It’s Been A Year Since New York City Sued Exxon Over Global Warming. Here’s Where It Stands Today

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Chris White Tech Reporter
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  • Things have not gone the way New York City officials had hoped after they kick-started a climate lawsuit against ExxonMobil in January 2018.
  • Manufacturers accuse NYC Mayor Bill de Blasio of using a now-sputtering climate lawsuit against Exxon to tout his environmentalist credibility.
  • It’s been a year since NYC first started suing Exxon and the company is still beating back hard-charging climate crusaders. 

It has been a year since New York City kick-started a climate lawsuit against ExxonMobil over the company’s alleged contribution to global warming. The litigation has had a bumpy ride ever since.

City officials appealed the federal court’s decision in July to toss out the lawsuit after a judge argued that the case bypassed several federal law doctrines. Exxon and the other oil companies subject to the lawsuit are filing amicus briefs that are due by Feb. 14.

New York City was one of at least four other localities to bring suits against Exxon, Chevron, BP, ConocoPhillips and others over the alleged damages wrought by man-made warming. Several California cities have seen their climate lawsuit hit rough patches as well.

Manufacturing groups are fighting the lawsuits tooth and nail. The National Association of Manufacturers (NAM), for instance, believes that New York City’s lawsuit is designed to up Democratic Mayor Bill de Blasio’s credibility among the Democratic Party’s environmentalist wing.

“City officials, including Mayor de Blasio, have made clear that the true purpose of the lawsuit is to attack manufacturers and manufacturing workers,” NAM Senior Vice President Linda Kelly said in a statement Wednesday addressing the anniversary.

Her group is one of the chief opponents of the climate crusades. (RELATED: Exclusive: Docs Suggest A Personal Vendetta Between Two Lawyers Might Be Fueling Climate Crusade)

She added: “The issue of climate change is a global public policy issue that has no place in the courts, a point that judges across the legal spectrum have noted in dismissing these frivolous cases, including New York City’s, and we expect the same outcome for the City’s appeal.”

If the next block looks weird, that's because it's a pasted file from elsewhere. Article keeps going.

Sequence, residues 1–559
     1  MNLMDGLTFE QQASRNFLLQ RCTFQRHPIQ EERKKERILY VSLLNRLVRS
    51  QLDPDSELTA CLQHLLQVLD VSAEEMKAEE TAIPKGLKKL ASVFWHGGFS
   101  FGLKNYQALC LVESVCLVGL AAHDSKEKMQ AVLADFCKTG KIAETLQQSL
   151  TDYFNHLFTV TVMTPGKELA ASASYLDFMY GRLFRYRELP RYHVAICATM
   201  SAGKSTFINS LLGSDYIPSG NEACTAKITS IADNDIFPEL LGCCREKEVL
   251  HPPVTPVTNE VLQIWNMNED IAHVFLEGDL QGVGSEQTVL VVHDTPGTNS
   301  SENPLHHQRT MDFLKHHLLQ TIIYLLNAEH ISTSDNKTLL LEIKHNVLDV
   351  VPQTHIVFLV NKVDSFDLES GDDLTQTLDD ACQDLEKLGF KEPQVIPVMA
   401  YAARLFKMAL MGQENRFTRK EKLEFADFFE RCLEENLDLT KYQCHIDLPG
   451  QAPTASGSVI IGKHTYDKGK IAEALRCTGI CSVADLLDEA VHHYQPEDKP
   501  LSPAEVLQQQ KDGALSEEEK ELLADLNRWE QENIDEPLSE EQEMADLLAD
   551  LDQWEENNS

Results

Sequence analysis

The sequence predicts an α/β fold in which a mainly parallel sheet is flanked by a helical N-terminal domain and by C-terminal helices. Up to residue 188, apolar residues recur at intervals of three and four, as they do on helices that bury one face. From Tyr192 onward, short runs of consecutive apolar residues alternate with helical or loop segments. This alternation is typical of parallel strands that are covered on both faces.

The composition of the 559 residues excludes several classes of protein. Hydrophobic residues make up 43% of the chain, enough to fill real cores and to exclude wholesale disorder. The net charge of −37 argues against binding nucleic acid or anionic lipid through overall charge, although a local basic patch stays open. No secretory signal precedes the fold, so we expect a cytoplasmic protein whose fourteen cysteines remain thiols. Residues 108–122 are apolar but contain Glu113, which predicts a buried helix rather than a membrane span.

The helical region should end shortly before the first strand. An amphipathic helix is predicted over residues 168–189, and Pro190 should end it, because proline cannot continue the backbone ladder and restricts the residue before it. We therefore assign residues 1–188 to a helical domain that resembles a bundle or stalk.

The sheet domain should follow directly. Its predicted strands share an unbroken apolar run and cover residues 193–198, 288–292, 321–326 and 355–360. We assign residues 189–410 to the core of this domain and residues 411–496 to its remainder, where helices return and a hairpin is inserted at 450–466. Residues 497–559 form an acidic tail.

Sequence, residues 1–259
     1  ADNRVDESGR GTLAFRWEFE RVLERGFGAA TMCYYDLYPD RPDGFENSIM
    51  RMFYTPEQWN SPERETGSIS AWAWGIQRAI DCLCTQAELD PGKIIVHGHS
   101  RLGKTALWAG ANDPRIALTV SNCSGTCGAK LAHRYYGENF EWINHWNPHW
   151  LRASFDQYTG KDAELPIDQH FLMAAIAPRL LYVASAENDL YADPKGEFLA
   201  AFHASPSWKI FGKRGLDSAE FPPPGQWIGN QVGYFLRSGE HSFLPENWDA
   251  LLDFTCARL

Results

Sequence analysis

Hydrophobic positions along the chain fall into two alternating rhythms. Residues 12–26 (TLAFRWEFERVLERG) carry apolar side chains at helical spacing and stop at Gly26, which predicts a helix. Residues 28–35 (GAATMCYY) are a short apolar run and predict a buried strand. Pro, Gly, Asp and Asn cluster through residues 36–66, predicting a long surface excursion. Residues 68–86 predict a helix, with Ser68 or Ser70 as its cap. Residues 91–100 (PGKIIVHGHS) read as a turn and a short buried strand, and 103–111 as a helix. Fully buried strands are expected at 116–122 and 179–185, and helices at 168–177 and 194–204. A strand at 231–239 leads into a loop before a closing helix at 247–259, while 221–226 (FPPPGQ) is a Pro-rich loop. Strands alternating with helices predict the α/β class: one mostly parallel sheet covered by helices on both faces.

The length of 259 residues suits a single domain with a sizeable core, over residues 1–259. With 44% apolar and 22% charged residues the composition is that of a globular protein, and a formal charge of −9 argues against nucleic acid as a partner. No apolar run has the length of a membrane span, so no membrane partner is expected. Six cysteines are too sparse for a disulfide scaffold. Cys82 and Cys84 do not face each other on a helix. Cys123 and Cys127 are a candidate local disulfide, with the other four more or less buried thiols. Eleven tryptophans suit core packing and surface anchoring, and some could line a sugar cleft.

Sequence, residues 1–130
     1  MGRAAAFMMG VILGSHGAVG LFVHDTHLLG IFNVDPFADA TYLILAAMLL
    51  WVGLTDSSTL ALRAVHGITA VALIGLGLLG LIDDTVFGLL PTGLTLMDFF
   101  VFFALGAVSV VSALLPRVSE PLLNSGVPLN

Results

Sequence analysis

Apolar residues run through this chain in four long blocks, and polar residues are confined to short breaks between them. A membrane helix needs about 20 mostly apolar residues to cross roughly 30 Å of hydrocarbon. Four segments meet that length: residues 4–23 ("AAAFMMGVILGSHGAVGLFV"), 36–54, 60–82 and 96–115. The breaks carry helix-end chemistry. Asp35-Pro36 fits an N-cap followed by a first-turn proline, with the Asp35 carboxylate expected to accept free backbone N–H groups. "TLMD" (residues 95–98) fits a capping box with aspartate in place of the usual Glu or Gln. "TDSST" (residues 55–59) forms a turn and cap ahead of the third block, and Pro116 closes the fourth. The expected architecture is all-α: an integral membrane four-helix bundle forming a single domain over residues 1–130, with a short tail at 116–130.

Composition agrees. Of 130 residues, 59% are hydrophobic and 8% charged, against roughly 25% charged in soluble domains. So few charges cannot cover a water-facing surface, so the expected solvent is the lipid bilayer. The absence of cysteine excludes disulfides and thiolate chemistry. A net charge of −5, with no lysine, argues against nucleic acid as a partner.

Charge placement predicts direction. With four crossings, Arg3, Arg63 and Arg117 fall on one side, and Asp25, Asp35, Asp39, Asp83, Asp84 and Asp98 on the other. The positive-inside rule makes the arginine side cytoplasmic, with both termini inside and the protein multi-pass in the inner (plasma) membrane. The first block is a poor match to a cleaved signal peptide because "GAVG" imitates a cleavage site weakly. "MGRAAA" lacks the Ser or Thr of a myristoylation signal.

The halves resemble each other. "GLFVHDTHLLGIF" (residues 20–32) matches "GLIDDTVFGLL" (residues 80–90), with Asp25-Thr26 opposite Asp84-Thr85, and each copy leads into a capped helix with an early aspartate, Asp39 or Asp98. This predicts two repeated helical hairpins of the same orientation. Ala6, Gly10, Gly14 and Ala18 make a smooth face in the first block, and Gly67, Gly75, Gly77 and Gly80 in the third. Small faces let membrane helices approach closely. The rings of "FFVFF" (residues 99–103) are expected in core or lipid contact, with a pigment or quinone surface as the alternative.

Vanessa Azcona of Denton shouts during a protest outside of the Exxon Mobil Corporation Shareholders Meeting in Dallas, Texas, May 28, 2008. REUTERS/Mike Stone

Trials lawyers with the firm Hagens Berman Sobol Shapiro LLP aided New York City; San Francisco; Oakland, California and Washington state’s King County in suing oil companies over global warming, working in exchange for a percentage of any winnings, called a contingency fee.

Two of the attorneys representing the cities have a history of suing and counter-suing each other over personal squabbles. Attorneys Vic Sher and Matt Pawa got into a multimillion dollar tiff in 2014 stemming from a lawsuit they both worked on against Exxon. Sher, who was with Sher Leff at the time, alleged Pawa’s group, Pawa Law Group, failed to distribute money from a settlement in the case.

Hagens Berman, where Pawa currently works, is handling King County’s lawsuit, along with the one in New York City. The firm stood to earn possibly billions of dollars in contingency fees depending on the total winnings, had San Francisco, Oakland or New York City won their global warming suits.

The lawsuit comes after three years of investigation first orchestrated by former New York Attorney General Eric Schneiderman, who resigned in April 2018 over abuse allegations from former romantic partners. The probe took many twists and turns and seemed to come to a halt shortly after his resignation.

Things have changed. Schneiderman’s replacement, Barbara Underwood, announced a lawsuit against the Texas-based oil producer in October 2018. Exxon engaged in a “longstanding fraudulent scheme” to deceive investors, analysts and underwriters “concerning the company’s management of the risks posed to its business by climate change regulation,” the lawsuit notes.

The Democrat brought the lawsuit under the Martin Act, a state law that gives her broad authority to prosecute securities fraud. The suit demands Exxon turn over any profits the company made through the alleged fraud. Exxon could be made to pay out hundreds of millions of dollars if the suit is successful.

Exxon has not yet responded to The Daily Caller News Foundation’s request for comment about where the suits stand.

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